CLOSE
Original image
Erin McCarthy

New App Makes Identifying Bird Species Easy

Original image
Erin McCarthy

Last October, I was petsitting for a friend and, while out for a walk with the pup, came across a strange looking bird (above). It was sitting, shell shocked, on the hood of a car in Brooklyn. When it was still there an hour later, I decided I would take it and release it in a nearby park—but how do you rescue a bird if you don't even know what kind it is?

No one on Twitter or Instagram could help; a friend who is a birder guessed that it might be a woodcock. So, after reading how to best rescue those birds, I gently wrapped the bird in a towel, slipped it into a paper bag, and walked it down to Brooklyn Bridge Park, where I let it out in some vegetation. It ran away from me, flying in short bursts, as fast as it could.

If only I'd had Birdsnap. This electronic field guide, created by computer scientists at Columbia University and the University of Maryland, can identify 500 common North American birds with nothing but a cell phone photo. The process is simple: Take a photo or choose one from your phone's album; click on the eye and the tail; and wait for the potential matches to show up.

After I'd set the bird loose in the park, my birder friend texted again: another birder believed the bird was a juvenile Virginia Rail, a freshwater marsh bird that mostly keeps to itself. Birdsnap identified the bird correctly on the first try. (How it got on the hood of a car in Brooklyn will forever remain a mystery.)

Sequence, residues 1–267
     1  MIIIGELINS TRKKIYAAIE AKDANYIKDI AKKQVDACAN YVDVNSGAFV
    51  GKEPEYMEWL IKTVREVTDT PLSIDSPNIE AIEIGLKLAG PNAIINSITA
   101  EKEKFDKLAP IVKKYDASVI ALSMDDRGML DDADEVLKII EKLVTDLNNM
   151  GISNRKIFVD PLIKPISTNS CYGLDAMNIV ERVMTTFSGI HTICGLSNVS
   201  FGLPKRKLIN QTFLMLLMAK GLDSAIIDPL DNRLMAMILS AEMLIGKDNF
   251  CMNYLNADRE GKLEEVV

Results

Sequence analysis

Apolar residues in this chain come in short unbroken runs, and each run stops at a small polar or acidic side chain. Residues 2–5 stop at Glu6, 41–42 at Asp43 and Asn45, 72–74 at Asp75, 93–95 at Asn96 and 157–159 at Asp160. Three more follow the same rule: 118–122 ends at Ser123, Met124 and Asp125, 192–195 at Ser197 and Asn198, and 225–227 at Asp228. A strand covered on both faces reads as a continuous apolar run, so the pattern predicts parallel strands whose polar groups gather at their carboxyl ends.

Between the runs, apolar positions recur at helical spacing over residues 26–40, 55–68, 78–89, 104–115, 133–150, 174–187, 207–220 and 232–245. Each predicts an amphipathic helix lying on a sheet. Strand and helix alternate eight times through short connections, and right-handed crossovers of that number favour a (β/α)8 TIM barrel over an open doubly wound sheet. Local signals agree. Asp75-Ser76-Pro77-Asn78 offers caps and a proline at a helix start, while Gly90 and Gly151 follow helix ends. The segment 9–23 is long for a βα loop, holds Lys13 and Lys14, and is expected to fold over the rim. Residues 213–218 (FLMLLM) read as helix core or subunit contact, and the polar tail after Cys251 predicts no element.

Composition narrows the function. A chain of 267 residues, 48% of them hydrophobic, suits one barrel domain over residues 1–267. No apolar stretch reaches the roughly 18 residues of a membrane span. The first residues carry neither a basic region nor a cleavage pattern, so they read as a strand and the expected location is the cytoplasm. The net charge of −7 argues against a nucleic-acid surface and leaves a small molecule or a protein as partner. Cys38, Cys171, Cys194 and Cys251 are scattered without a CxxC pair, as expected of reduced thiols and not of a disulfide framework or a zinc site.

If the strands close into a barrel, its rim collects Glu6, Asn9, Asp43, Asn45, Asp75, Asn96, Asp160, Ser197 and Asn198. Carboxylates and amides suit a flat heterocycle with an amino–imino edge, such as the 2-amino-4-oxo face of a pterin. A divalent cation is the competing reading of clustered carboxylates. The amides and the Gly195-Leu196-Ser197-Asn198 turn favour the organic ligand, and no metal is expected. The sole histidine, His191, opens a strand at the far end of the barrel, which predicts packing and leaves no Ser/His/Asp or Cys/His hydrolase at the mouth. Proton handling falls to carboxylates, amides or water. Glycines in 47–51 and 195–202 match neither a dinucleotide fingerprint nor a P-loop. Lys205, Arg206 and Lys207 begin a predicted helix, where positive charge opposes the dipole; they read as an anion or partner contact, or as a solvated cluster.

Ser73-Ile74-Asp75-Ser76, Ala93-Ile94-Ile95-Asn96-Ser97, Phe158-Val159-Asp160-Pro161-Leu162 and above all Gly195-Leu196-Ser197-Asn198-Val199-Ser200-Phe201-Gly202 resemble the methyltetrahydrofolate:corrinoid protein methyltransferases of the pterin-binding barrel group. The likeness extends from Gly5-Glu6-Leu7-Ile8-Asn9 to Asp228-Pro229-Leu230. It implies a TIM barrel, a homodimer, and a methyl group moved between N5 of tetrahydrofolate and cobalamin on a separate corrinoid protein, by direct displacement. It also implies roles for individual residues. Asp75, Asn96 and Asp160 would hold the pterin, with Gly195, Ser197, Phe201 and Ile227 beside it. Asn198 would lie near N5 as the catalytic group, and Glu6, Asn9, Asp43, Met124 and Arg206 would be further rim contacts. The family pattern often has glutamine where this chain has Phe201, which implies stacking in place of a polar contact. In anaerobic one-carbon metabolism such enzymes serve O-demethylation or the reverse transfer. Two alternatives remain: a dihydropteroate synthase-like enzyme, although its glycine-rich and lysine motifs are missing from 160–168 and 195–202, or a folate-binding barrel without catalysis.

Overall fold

Columbia Computer Science Professor Peter Belhumeur and University of Maryland Computer Science Professor David Jacobs came up with the idea for the app when they realized that the software and techniques they'd developed for facial recognition could also be used to identify species. Facial recognition algorithms work by finding the resemblance between comparable parts of faces, comparing a nose to other noses and an eye to other eyes, according to Columbia's Engineering Department. In Birdsnap, each species has 17 parts marked; the app detects the parts of the bird so it can compare them with what's in its database and discover species that are visually similar to the animal in an uploaded photo.

"What's really exciting about Birdsnap is that not only does it do well at identifying species, but it can also identify which parts of the bird the algorithm uses to identify each species," said Thomas Berg, a Columbia Engineering computer science PhD candidate. "Birdsnap then automatically annotates images of the bird to show these distinctive parts—birders call them 'field marks'—so the user can learn what to look for.”

And the app, available for the iPhone, does more than just identify birds: It also provides descriptions of the animals and their calls, shows their family trees and similar species, and includes range and sightings maps.

Original image
FRED TANNEAU/AFP/Getty Images
arrow
Animals
Fisherman Catches Rare Blue Lobster, Donates It to Science
Original image
FRED TANNEAU/AFP/Getty Images

Live lobsters caught off the New England coast are typically brown, olive-green, or gray—which is why one New Hampshire fisherman was stunned when he snagged a blue one in mid-July.